There are about 150 topics in all, some run to many pages such as the development of the abacus, others are short and to the point. Some puzzles I could solve fairly quickly others remained baffling. I guess it is just down to whether you see a method to solve it straight away or you just flail around. But that is the enjoyment of puzzle solving.

You will find a story about Newton's cats (not that interesting) alongside a logic puzzle about swallowing elephants (quite interesting). And that is the nature of this book, each reader will find a different mix of things to enjoy.

The stories and puzzles cover a huge range of topics including number theory, topology, mathematical tricks, cryptography, cosmology.

It is a fine book to just dip into, as each item has nothing to do with the others.

Professor Stewart does provide outline answers to most of the puzzles although even understanding some of the methods used at times is a challenge in itself!

I enjoyed this book and came away from the book with a few extra party tricks to try out with friends and family along with a collection of 'did you know' stories (did you know that the = sign was developed by a Welshman in 1557!)

Highly recommended for anyone who likes intellectual puzzles or learning interesting snippets of information.
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14 of 16 people found the following review helpful
Format:Hardcover|Verified Purchase
I bought this book as a gift for a cousin who likes me, loves mathematics. I thought I'd cheekily be able to read it beforehand, and boy, does it delight! It certainly gripped me: the puzzles are absorbing and presented in such an approachable manner. It even got me, formally trained in the subject, interested in looking up those other areas I've not looked at in years. And the recipient of the gift felt likewise too.

This is certainly popular science writing at its finest, a joy for the reader, and an inspiration for us all scientists/mathematicians/engineers who sometimes work with the public.
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2 of 2 people found the following review helpful
5.0 out of 5 stars Really fun and interesting 4 Jan 2013
Format:Hardcover|Verified Purchase
Ian Stewart is terrific. As a maths teacher I have used this book to develop some interesting angles from which to extend or introduce a new topic. I'm not sure if everybody could access the book as it does include explanations needing A level maths undstanding.

A great book.
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2 of 2 people found the following review helpful
5.0 out of 5 stars Great book 9 Jan 2012
By Smashon
Format:Paperback|Verified Purchase
I gave it to my BF for christmas and we've both enjoyed working through - it was a lot better than I thought it would be.
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1 of 1 people found the following review helpful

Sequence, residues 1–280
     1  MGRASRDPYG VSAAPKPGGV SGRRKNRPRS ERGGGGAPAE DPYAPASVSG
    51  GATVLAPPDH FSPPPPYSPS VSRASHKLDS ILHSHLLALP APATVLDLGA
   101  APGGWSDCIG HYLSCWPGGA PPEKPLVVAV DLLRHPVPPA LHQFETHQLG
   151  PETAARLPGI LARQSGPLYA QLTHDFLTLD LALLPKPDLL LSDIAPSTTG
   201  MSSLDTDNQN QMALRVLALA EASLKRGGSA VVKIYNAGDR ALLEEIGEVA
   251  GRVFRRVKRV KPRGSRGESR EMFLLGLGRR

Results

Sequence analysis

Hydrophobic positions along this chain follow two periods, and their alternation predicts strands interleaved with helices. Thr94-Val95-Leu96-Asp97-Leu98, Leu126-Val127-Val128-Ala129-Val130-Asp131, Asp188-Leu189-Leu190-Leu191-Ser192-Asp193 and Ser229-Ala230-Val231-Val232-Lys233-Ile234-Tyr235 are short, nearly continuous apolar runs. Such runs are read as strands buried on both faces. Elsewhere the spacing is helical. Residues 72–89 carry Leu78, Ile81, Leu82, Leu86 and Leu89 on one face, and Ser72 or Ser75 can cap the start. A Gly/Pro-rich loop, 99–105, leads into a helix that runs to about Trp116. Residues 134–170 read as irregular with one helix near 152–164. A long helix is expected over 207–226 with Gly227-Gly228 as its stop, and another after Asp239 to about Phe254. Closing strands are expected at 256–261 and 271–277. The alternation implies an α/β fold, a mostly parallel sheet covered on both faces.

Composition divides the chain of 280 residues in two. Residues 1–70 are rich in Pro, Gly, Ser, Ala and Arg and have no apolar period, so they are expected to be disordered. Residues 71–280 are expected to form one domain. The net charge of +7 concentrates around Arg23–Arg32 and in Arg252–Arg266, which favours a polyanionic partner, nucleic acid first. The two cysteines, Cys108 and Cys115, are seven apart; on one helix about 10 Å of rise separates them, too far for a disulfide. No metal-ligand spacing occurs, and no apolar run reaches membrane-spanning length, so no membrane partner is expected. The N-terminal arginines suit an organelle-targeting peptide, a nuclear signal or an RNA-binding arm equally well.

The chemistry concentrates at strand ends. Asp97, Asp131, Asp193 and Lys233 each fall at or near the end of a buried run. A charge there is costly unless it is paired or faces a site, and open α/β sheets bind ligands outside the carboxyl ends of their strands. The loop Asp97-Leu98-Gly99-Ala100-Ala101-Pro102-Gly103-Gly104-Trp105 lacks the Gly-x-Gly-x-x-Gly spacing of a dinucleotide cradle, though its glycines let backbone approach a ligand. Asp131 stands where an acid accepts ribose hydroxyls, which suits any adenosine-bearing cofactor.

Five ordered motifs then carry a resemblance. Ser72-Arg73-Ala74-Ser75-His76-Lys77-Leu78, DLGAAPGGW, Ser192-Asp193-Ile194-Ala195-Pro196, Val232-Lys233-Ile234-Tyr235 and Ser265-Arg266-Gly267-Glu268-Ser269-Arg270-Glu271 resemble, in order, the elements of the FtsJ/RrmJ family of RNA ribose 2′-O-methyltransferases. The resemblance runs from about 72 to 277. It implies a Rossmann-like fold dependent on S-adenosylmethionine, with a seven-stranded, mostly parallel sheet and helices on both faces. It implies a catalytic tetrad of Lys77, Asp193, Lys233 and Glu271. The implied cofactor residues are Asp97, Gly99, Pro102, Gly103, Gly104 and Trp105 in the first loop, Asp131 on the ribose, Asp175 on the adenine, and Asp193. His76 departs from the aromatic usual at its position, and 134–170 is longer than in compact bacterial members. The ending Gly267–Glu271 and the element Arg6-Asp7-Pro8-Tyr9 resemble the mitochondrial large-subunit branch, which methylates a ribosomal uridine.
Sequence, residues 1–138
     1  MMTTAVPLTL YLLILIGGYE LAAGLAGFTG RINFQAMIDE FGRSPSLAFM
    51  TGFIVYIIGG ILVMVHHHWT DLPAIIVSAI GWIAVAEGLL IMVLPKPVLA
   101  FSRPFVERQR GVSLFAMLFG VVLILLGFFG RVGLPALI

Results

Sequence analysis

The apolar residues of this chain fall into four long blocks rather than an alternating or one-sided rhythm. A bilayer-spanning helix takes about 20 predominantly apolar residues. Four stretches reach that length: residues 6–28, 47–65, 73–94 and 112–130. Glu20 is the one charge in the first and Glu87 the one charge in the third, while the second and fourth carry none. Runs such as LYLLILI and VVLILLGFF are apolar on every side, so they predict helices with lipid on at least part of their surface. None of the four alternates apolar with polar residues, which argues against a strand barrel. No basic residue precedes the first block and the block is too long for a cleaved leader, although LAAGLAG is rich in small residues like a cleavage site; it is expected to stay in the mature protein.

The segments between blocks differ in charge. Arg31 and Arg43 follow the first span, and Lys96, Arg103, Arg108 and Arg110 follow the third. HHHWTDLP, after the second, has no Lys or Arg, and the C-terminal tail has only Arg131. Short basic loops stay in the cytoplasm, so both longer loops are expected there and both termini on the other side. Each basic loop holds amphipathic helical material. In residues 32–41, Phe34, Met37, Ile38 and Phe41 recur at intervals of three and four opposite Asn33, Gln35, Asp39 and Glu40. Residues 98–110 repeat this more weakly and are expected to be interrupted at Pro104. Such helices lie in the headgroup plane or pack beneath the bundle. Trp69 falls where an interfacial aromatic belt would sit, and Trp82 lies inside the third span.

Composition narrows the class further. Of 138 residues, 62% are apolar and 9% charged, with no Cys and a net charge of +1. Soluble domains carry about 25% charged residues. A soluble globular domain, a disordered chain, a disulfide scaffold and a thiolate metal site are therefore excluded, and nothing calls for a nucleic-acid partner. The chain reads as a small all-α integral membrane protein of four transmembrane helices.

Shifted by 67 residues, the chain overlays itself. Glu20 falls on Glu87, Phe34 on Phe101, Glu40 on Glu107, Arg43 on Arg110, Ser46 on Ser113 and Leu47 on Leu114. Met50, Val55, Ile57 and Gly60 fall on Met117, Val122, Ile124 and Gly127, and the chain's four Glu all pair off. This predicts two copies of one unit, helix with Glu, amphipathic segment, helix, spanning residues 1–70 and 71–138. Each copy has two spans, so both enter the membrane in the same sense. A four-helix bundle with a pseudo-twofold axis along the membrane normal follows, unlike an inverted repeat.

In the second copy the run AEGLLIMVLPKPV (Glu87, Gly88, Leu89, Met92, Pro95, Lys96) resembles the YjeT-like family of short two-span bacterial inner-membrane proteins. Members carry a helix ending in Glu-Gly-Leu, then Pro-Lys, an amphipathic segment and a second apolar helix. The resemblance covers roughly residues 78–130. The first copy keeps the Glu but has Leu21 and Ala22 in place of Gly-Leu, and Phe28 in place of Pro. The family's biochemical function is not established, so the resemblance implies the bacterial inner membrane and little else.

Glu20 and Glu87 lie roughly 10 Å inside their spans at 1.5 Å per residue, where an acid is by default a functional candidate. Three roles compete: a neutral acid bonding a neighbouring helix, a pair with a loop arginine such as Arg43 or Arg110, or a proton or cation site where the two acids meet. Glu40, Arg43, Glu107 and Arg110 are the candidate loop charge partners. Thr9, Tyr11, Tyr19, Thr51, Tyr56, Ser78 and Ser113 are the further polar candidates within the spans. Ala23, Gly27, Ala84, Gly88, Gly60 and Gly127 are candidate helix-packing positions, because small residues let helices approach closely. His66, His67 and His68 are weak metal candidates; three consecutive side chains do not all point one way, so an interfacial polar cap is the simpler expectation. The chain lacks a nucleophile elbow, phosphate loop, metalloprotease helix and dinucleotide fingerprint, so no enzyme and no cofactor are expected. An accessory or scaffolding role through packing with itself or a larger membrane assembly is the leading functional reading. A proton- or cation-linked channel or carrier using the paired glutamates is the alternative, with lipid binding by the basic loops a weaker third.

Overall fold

5.0 out of 5 stars good book 2 Mar 2014
Format:Paperback|Verified Purchase
This has been a good book to read and very useful in my teaching career and studies I am doing at the same time.
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1 of 1 people found the following review helpful
5.0 out of 5 stars Brilliant book 5 Feb 2014
Format:Paperback|Verified Purchase
This is an interesting mix of mathematics problems and short stories from the history of mathematics. It would be a challenge for those students starting GCSE but, if student interest in maths is waning around A-level decision time, I think it could inspire them to give A level maths a try. Also, for the more mature members of the public with an interest in maths, there are entertaining stories in this book that you probably have never met before. Definitely recommend.
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Most Recent Customer Reviews
4.0 out of 5 stars Glad I bought it....
Having bought this after Ian Stewart's companion book "Cabinet of Mathematical Curiosities" this one was, for me, aslightly less gripping. Read more
Published 5 months ago by rambler
5.0 out of 5 stars Fantastic book.
A must read for anyone interested in mathematics, from young enthusiast to seasoned professional. Professor Stewart, these are treasures indeed. Read more
Published 11 months ago by A.D.Hemery
4.0 out of 5 stars wide cover of subjects
The wide range of subjects in which math is revealed is an education. It also shows how the world is bound together with many invisible laws.
Published 11 months ago by Eileen Mohr
5.0 out of 5 stars A great read
It doesn't have to be read in sequence and having something that I can jump in and out of for 10 mins here and there is just perfect for my daily train journey. Read more
Published 11 months ago by Simon Avenell
5.0 out of 5 stars Professor Stewarts Hoard of Mathematical Treasures
There is a lot in this book, and I am still working my way through it after several weeks.

If you love mathematical recreations, and enjoy challenging mathematical... Read more
Published 13 months ago by Jaybert
5.0 out of 5 stars Worthy sequel
As zany and irrelevant as the first, this forces you to think about maths. It is well written, and by an extremely well versed mathematician.
Published 19 months ago by James P. K. Meiklejohn
5.0 out of 5 stars Great Fun
Enjoyable - even for a Maths graduate. Bought for my son by a friend. She was happy - he was happy. Lots to look at and try. Varying degrees of difficulty.
Published on 1 May 2012 by JEA47
3.0 out of 5 stars good but a little confusing
Got the kindle version of this on a day deal... was very interested and most are very good. however, the Press-the-Digit-ation doesnt seem to work for me and its simply adding... Read more
Published on 25 Nov 2011 by Stephc